Ross, who grew up in Inglewood, lives a short walk from the club, as does Gilliam, and Wilson grew up nearby. Rawles was raised in New Jersey but has worked and raised a family in L.A. for the past 18 years.

After finding the space — formerly the Jamaican restaurant Coley’s Kitchen that makes a brief cameo in the film “Boyz N the Hood” — they gutted it and filled it with farmhouse tables, a huge wall covered in chalkboard paint and comfy couches. Over one hangs an oversized photograph of Barack and Michelle Obama sitting cheek-to-cheek on a couch, early in their relationship.

It’s an apt visual message: Let’s get comfortable, put our heads together and see where we can go.

Working under a wall of art devoted to Black women at The Metaphor Club.

His face illuminated by a ring light, J. Black, 39, took a Zoom call last summer in one of the club’s two privacy booths where members can make phone calls and attend virtual meetings without bothering other members. A talent manager, Black said the call was with ESPN regarding a documentary about one of the athletes he represents.

Black, who grew up in the area, moved away to Tujunga for the more affordable property values to raise his five children. But he enrolled all his children in Crenshaw area schools and makes the 50-minute drive in with them five days a week.

He tried working at Starbucks but said it wasn’t a good fit.

“When I came here I was like, ‘This is where I’m supposed to be.’ I’ve been able to cultivate some relationships I feel like will last for a long time both personally and professionally. I like the fact that it’s right off of Crenshaw.”

In fact, the club is across the street from his longtime barber and not far from the church where his father served as pastor at New Ground Harvest Church for 20 years.

Metaphor Club cofounder Gerald Rawles at work in front of the chalkboard wall that contains announcements of upcoming events and inspirational messages.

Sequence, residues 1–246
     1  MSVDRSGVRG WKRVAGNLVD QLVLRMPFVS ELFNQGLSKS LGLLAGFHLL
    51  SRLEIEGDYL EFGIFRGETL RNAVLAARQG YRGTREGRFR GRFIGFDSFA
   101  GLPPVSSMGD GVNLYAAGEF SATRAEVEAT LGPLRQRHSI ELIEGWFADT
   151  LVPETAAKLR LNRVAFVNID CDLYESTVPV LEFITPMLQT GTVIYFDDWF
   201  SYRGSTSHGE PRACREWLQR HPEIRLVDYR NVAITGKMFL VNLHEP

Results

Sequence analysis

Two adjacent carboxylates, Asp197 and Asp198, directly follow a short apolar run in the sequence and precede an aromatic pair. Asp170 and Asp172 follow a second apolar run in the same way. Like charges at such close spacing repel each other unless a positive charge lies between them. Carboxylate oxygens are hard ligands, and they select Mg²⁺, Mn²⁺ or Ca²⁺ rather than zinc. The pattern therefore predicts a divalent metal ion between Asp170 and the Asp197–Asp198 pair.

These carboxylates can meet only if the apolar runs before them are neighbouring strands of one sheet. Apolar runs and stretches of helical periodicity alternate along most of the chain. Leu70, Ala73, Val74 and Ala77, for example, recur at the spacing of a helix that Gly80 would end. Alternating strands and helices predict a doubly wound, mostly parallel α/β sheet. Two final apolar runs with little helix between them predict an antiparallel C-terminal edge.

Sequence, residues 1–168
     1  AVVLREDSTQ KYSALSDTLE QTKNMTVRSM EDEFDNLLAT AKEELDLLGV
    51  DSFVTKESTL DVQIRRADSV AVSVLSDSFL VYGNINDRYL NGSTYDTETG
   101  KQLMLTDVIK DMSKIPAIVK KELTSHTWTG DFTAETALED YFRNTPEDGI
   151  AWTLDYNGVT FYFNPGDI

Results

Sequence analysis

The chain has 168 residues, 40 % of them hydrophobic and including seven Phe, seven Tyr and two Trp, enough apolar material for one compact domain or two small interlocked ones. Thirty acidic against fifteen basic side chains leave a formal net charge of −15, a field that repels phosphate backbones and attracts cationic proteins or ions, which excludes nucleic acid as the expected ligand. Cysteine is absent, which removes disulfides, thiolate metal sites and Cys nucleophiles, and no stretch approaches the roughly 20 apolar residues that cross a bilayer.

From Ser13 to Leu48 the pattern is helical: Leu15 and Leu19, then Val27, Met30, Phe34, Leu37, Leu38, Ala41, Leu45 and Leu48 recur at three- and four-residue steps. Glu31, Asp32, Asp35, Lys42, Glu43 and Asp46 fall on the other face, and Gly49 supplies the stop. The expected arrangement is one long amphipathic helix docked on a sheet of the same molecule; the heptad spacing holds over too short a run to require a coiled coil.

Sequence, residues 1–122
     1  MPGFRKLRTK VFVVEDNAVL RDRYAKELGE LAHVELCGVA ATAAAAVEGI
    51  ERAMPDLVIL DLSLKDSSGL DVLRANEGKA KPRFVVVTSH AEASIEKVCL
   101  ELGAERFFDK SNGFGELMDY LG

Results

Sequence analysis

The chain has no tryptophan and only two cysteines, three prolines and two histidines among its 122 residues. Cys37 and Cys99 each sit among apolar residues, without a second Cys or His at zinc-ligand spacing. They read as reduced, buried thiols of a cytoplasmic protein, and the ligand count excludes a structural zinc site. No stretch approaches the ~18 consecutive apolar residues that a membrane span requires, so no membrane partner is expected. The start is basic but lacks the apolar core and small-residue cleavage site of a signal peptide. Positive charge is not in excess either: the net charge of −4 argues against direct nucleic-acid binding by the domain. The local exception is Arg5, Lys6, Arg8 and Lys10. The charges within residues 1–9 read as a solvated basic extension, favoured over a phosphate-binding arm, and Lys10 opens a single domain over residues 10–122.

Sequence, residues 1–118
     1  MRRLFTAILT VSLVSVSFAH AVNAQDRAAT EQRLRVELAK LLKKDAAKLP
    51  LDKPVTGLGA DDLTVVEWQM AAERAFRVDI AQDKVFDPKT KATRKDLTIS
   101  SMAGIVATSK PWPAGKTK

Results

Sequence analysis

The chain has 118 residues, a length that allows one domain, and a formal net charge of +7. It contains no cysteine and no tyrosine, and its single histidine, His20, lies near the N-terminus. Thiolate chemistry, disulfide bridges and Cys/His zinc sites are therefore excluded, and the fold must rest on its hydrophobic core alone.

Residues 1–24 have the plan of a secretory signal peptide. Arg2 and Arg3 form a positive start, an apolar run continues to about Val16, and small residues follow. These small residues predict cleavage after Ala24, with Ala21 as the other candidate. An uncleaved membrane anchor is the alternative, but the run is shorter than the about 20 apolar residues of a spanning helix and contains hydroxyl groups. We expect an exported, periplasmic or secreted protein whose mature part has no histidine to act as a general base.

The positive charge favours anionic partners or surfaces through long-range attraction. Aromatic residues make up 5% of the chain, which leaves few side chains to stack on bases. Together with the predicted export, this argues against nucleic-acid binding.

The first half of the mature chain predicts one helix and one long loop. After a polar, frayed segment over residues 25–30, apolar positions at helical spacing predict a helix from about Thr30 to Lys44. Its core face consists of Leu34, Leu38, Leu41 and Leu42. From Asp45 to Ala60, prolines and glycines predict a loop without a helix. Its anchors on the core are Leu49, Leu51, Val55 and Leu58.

The neighborhood is also terra cognita for Kelli Kemp, 45, who drives in from West Athens to drop off one of her two children at the nearby aerospace magnet school. Her parents still live near the Crenshaw and Slauson intersection. Ever since she left the corporate world to start an alternative health magazine, called Holistic Californian, the club has provided her with a supportive space from which to run her company.

“It’s convenient, the members are cool and the owners are cool,” Kemp says. 

They have given her leads on video editors and videographers. “Whatever you need,” she says, “someone there knows someone who can help.”

Over the summer, Kemp attended a movie night at the club, which screened the 1997 cult classic “Love Jones.” She stayed after, noshing on hors d’oeuvres and sipping drinks, dissecting various scenes and the film’s impact on Black cinema with a group of about 30 viewers who eagerly reminisced. Cinephiles are doubly welcome. Ross teaches introductory screenwriting classes and the club hosts monthly table reads for four to six writers, open both for members and to the public, looking for feedback on their work.

The club has ambitions; they include expanding programming like the movie night, doubling the club’s membership and perhaps franchising out to other neighborhoods. 

The club offers another unusual sanctuary for over-tired professionals: a place to nap whenever they need to. A short while before his ESPN call, Black did that, his head lolling back on an overstuffed chair. No one gave him a second look.

“If you need to stare at the ceiling and go to sleep, go ahead,” Ross says, adding that “everyone here snores.”

One  member recently sold a show to a TV network, Brin said, and another snagged a prestigious position as a showrunner on a top show.

In an environment like this, Brin says, “you cannot help but be inspired to do more.”

— By Ann Marsh